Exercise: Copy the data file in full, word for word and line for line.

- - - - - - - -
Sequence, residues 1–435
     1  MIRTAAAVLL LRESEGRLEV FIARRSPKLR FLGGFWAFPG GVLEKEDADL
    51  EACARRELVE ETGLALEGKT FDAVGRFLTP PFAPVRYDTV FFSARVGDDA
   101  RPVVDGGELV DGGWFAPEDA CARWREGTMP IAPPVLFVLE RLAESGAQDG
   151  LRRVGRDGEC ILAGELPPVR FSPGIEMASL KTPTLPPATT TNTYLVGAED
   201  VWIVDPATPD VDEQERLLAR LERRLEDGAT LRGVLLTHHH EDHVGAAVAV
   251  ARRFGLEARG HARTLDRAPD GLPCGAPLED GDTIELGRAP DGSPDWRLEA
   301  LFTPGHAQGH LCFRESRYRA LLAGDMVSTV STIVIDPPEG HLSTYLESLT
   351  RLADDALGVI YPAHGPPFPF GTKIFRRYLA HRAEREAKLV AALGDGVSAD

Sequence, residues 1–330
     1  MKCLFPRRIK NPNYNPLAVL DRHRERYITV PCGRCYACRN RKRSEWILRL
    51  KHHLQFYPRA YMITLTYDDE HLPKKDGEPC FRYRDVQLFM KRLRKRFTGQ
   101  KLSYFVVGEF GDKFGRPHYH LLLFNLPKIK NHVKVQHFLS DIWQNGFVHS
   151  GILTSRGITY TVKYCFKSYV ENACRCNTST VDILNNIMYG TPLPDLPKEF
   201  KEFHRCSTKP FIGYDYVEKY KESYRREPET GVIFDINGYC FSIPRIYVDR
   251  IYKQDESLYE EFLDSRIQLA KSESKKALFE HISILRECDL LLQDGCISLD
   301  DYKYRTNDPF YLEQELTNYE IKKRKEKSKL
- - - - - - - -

Sequence, residues 1–435
     1  MIRTAAAVLL LRESEGRLEV FIARRSPKLR FLGGFWAFPG GVLEKEDADL
    51  EACARRELVE ETGLALEGKT FDAVGRFLTP PFAPVRYDTV FFSARVGDDA
   101  RPVVDGGELV DGGWFAPEDA CARWREGTMP IAPPVLFVLE RLAESGAQDG
   151  LRRVGRDGEC ILAGELPPVR FSPGIEMASL KTPTLPPATT TNTYLVGAED
   201  VWIVDPATPD VDEQERLLAR LERRLEDGAT LRGVLLTHHH EDHVGAAVAV
   251  ARRFGLEARG HARTLDRAPD GLPCGAPLED GDTIELGRAP DGSPDWRLEA
   301  LFTPGHAQGH LCFRESRYRA LLAGDMVSTV STIVIDPPEG HLSTYLESLT
   351  RLADDALGVI YPAHGPPFPF GTKIFRRYLA HRAEREAKLV AALGDGVSAD

Sequence, residues 1–330
     1  MKCLFPRRIK NPNYNPLAVL DRHRERYITV PCGRCYACRN RKRSEWILRL
    51  KHHLQFYPRA YMITLTYDDE HLPKKDGEPC FRYRDVQLFM KRLRKRFTGQ
   101  KLSYFVVGEF GDKFGRPHYH LLLFNLPKIK NHVKVQHFLS DIWQNGFVHS
   151  GILTSRGITY TVKYCFKSYV ENACRCNTST VDILNNIMYG TPLPDLPKEF
   201  KEFHRCSTKP FIGYDYVEKY KESYRREPET GVIFDINGYC FSIPRIYVDR
   251  IYKQDESLYE EFLDSRIQLA KSESKKALFE HISILRECDL LLQDGCISLD
   301  DYKYRTNDPF YLEQELTNYE IKKRKEKSKL